Toyota Prius V: Hybrid Blessings

Prius V profileAlternative energy technology comes in a few forms; wind and solar for the household/business sectors are the most well known. For the automotive group it’s a little more clear cut; petrol or diesel then hybrid (battery and an engine) before pure electric. Hydrogen fuel cell power is still years away, conspiracy theories not withstanding. Diesel offers plenty of torque and economy at the expense of emissions and this is where hybrid technology currently has an edge.
Toyota’s Prius is, perhaps, the torchbearer for hybrid technology, having been around since 1997. A constant part of the design ethic has been its petrol and battery combination aiding its wind cheating exterior to become classified as an ULEV (Ultra Low Emission Vehicle) and with some redesigns since release, has evolved into a hatchback, smaller hatchback and seven seater wagon, the V with which A Wheel Thing spent a week.
The drivetrain is a geek’s dream; a 100 kW 1.8L petrol engine is used to top up the battery and aid in driving situations where the 100kW battery/electric system needs backup. Computers control the lot, from the push start button to the small lever selector for Drive and Reverse, to switching on and off the petrol engine almost seamlessly. There’s three Prius V dashdrive modes available; Eco, EV (full electric) and Power. As one would expect, it’s a foot on brake and press the Start button procedure. Drive or Reverse is engaged via small lever on the dash and electronically disengages the Parking brake. There’s no driver engagement; Holden’s Volt is a “fun” experience on start up, with a whooshing sound through the entertainment system and two seven inch LCD screens doing an electronic dance whereas the Prius simply…..sits…..There is a display on the upper centre dash which can display a bewildering amount of information but still doesn’t have the wow factor of the Volt.
Underway the Prius belies its near 1400kg mass with a well sorted handling and ride package; there’s no wallowing after a speedbump, it’s firm and flat with a suppleness that provides a feeling of quiet confidence on the straights and certainly when pushed into corners. It’s a touch numb on centre but there’s good feedback through the wheel. But to get all of this takes time; the Prius V is a slow accelerator via the CVT, although the Power mode does feel (naturally) a little quicker. The petrol engine kicks in and out with nary a vibration and rarely intrudes into the cabin. Naturally there’s a swag of electronic enhancements, including Dynamic Radar Cruise; a sonar system works hand in hand with the cruise control to slow the Prius V down if Prius V seatsthe car in front slows below the preset cruise level.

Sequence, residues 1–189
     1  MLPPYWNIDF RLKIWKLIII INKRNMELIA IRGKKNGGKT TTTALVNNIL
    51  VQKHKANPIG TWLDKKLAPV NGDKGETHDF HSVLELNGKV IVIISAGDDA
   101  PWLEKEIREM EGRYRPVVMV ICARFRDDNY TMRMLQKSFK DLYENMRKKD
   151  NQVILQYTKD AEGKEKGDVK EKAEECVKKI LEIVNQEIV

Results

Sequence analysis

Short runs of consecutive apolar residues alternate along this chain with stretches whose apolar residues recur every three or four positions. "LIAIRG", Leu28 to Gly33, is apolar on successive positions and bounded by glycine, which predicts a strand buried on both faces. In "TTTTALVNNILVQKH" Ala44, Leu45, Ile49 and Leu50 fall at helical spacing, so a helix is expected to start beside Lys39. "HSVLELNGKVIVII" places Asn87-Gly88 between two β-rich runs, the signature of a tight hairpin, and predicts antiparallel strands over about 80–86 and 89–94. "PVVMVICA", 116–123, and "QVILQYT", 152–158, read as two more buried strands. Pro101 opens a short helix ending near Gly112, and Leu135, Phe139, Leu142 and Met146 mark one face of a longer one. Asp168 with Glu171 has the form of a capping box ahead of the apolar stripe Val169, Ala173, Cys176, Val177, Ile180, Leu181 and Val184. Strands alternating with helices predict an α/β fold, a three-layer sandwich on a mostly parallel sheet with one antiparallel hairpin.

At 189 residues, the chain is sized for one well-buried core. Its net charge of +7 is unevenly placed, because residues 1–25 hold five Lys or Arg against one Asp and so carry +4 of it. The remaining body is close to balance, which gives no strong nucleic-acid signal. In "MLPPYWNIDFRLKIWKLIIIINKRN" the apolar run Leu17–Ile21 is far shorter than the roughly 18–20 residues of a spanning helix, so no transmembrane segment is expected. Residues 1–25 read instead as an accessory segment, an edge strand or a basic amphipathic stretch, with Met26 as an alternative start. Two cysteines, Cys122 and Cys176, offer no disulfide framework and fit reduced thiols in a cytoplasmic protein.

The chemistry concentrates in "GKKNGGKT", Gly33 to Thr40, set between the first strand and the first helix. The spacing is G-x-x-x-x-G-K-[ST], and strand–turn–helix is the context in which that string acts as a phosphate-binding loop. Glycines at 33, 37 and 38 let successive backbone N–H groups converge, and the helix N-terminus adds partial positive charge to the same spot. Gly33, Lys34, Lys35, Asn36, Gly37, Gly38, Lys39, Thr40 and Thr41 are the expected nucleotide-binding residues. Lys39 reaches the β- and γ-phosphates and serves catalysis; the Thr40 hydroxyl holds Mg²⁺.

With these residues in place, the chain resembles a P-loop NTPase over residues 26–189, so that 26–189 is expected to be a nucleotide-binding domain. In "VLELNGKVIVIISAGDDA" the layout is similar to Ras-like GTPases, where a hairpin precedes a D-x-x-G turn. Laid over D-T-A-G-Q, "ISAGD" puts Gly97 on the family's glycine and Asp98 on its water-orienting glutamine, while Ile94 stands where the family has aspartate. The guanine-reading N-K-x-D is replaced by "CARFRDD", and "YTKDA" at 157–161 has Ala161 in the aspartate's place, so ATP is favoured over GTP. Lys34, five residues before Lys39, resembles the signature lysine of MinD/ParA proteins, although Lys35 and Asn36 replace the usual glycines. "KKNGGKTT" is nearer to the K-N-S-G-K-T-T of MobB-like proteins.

The front seats are comfortable, heated (although the switches are hidden down low and under a Prius V rear seatsbinnacle) and well padded whilst the mid row (remember, it’s a seven seater) are individually mounted, allowing sliding and folding for each plus providing access for the third row of two. The audio and satnav system is clear, if a little boomy through the JBL speakers, but annoying retains the audible speed warning system that nannys drivers. The overall design is, as one expects, clear and ergonomic with a major highlight being the HUD (Heads Up Display) directly in front of the Prius V HUDdriver. It’s adjustable for the eyesight angle of the driver and shows speed plus minor instrument (i.e. volume) changes. Aircon controls are minimal, with a couple of switches and a jog dial to select options, whilst the “gear” lever is unobtrusive to the point of being unrecognisable for its intended purpose.
The exterior retains the slippery, aero, profile that’s been a staple of the design since its release, helping overall efficiency. The V is larger than the hatch, which costs on fuel economy but the regenerative energy system tops the battery up from the braking the car does. The nose of the Prius is clearly part of Toyota’s new edgy design family, Prius V frontwith a row of LED driving lights flanking a pair of standard bulb lamps, underneath a set of arrow-head style headlights that throw a eerie cobalt blue light at night.
It’s a technological wonder, the Prius V, with a surprising handling feel, but….as so often has been levelled at Toyota cars it lacks soul, an engagement with the driver. For information on pricing, check with your local dealer (RRP is $35990 plus on roads and metallic paint) and go Prius V rearhere: http://www.toyota.com.au/prius-v#its-your-prius-v for more indepth information.

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